As we've seen (What Is an Appositive?), an appositive is a word or group of words that concisely identifies or renames another word in a sentence. The exercise on this page offers practice in identifying appositives.
Some of the sentences below contain adjective clauses; others contain appositives. Identify the adjective clause or appositive in each sentence; then compare your responses with the answers on page two. (If you run into problems, review Building Sentences with Appositives.)
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- John Reed, an American journalist, helped found the Communist Labor Party in America.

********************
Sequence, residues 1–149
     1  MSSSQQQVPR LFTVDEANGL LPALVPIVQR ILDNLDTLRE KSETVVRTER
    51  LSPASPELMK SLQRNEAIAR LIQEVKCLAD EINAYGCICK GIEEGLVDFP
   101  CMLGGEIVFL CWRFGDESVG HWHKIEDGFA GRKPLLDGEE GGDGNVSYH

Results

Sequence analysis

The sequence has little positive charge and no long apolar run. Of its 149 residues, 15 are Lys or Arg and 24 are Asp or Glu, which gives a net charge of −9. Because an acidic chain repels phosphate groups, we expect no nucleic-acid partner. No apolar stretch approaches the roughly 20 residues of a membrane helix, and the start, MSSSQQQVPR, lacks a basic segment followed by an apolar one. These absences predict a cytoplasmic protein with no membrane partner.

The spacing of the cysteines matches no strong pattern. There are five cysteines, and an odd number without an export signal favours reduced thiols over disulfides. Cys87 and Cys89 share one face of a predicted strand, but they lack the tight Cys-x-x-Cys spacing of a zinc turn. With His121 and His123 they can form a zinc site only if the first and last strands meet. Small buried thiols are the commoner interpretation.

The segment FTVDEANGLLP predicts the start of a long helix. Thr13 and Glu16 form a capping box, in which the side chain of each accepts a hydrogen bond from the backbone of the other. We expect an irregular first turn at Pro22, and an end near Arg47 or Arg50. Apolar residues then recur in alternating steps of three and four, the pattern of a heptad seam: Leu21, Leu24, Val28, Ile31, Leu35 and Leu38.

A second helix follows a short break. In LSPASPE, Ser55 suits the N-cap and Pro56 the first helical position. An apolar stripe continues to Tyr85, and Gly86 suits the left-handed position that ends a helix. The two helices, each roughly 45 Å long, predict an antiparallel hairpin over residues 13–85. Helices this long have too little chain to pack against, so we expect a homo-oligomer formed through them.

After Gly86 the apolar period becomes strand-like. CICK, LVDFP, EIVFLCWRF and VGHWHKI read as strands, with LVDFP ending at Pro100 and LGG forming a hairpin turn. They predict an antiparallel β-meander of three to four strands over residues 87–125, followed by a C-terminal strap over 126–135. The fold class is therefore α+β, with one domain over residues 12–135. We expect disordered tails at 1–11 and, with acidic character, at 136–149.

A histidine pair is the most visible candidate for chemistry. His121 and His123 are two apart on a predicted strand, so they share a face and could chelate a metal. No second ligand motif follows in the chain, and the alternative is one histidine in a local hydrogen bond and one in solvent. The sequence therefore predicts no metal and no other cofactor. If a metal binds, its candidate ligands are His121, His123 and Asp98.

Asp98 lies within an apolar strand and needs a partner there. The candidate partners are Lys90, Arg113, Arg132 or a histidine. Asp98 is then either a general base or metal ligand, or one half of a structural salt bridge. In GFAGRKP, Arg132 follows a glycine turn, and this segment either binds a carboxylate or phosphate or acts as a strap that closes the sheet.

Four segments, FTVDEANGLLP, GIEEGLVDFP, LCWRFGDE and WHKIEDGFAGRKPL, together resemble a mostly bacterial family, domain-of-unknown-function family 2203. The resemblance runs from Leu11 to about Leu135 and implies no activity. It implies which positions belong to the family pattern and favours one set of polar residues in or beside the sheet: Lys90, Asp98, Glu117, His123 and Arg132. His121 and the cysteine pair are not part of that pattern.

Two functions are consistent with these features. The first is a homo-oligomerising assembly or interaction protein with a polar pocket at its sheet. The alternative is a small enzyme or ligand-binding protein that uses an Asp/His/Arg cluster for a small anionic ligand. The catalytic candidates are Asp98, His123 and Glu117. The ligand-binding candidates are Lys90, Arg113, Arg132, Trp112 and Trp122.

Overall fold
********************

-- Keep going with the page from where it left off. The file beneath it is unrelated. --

- My sister, who is a supervisor at Munchies, drives a company car.
- I took a cookie from Gretel, who is the woodcutter's daughter.
- I took a cookie from Gretel, the woodcutter's daughter.
- Og, the King of Bashan, was saved from the flood by climbing onto the roof of the ark.
- I once saw Margot Fonteyn, the famous ballerina.
- Elkie Fern, who is a professional botanist, led the kids on a nature hike.
- Elsa, a good country woman, has a daughter named Ulga.
- Paul Revere, who was a silversmith and a soldier, is famous for his "midnight ride."
- I read a biography of Disraeli, the 19th-century statesman and novelist.
When you're done, compare your responses with the answers on page two.